US2057163A (en) * 1934-06-16 1936-10-13 Brown Co Preparation of solutions of hydroxy-cellulose ethers
US2288200A (en) * 1937-05-15 1942-06-30 Meyer Georg Process for the production of water-soluble cellulose ethers in powder form
US2160106A (en) * 1937-05-27 1939-05-30 Du Pont Process of dissolving alkali soluble cellulose derivatives
US2331864A (en) * 1942-03-20 1943-10-12 Dow Chemical Co Method of preparing powdered cellulose ethers quickly soluble in cold water
US2331865A (en) * 1942-03-20 1943-10-12 Dow Chemical Co Method of preparing cold-watersoluble powdered cellulose ethers
US2833758A (en) * 1952-04-05 1958-05-06 Henkel & Cie Gmbh Method of producing rapidly soluble cellulose ether powders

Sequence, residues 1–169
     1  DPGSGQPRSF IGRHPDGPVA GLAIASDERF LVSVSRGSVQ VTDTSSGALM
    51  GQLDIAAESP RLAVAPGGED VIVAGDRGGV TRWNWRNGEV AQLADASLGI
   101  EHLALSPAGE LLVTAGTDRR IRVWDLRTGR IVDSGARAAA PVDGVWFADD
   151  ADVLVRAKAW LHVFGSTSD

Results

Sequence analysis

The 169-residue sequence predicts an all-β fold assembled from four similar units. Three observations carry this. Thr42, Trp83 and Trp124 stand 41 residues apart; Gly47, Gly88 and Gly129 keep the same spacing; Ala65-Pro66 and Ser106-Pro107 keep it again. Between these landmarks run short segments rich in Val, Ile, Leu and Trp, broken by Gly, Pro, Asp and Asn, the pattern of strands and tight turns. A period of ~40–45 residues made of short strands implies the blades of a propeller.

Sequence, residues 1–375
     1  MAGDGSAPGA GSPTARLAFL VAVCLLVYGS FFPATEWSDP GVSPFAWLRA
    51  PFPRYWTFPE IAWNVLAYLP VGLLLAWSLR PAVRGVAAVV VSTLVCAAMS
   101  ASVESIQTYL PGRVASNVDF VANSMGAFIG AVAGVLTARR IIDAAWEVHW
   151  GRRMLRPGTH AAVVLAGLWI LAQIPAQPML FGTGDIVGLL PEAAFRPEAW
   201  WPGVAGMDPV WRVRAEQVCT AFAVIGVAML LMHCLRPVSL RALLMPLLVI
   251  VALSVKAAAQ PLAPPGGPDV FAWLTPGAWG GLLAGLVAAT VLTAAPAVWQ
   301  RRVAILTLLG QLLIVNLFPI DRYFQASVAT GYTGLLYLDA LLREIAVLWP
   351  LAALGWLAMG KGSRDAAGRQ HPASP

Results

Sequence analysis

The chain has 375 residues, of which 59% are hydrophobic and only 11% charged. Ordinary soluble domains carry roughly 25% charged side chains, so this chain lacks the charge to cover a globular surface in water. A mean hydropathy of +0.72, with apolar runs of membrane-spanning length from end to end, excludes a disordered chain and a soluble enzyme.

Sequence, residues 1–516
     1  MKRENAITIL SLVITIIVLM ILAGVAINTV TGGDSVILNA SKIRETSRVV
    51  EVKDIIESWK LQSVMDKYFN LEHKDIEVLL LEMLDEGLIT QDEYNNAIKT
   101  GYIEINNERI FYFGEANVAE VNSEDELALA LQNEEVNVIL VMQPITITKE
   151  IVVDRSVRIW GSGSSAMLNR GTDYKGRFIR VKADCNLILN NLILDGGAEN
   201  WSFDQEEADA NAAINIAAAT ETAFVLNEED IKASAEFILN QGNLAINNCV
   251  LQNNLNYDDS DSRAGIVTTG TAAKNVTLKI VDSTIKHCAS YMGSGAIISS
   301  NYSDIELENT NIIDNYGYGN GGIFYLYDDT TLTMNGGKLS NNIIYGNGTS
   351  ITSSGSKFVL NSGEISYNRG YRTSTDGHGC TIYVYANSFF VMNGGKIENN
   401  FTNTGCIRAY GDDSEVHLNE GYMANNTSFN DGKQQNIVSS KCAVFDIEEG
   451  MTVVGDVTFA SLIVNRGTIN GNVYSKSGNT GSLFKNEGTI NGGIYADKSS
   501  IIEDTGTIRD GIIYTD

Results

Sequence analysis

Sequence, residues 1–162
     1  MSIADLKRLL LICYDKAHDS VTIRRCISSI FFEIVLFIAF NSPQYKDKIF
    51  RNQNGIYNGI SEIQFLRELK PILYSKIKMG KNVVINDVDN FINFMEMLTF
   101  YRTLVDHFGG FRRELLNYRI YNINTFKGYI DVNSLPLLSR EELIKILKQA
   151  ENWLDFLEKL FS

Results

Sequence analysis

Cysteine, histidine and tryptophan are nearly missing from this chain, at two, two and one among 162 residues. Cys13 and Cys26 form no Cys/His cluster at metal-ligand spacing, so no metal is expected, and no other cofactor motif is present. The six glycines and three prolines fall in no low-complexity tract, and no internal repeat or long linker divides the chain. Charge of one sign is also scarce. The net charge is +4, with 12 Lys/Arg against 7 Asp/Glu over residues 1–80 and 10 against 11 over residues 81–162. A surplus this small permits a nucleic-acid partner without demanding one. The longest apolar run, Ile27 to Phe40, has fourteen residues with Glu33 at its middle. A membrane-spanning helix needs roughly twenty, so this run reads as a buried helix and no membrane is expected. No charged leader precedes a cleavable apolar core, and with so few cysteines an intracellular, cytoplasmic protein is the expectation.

US3251824A (en) * 1961-08-22 1966-05-17 Fmc Corp Method of preparing stable aqueous dispersion-forming cellulosic aggregates
US3428584A (en) * 1965-07-15 1969-02-18 Gulf General Atomic Inc Freeze-dried membrane and method of treating same

Non-Patent Citations (2)

* Cited by examiner, † Cited by third party
Title
Refrigeration and Air Conditioning Directory, 1965, p. 369. *
Scott, Cryogenic Engineering, D. Van Nostrand Company, New York, N.Y., 1959, pp. 268, 269 & 276-283. *

Cited By (17)

* Cited by examiner, † Cited by third party
Publication number Priority date Publication date Assignee Title
US4329451A (en) * 1980-11-03 1982-05-11 The Dow Chemical Company Preparing an aqueous dispersion of colloidal size particles of a water-insoluble polysaccharide derivative
US4474949A (en) * 1983-05-06 1984-10-02 Personal Products Company Freeze dried microfibrilar cellulose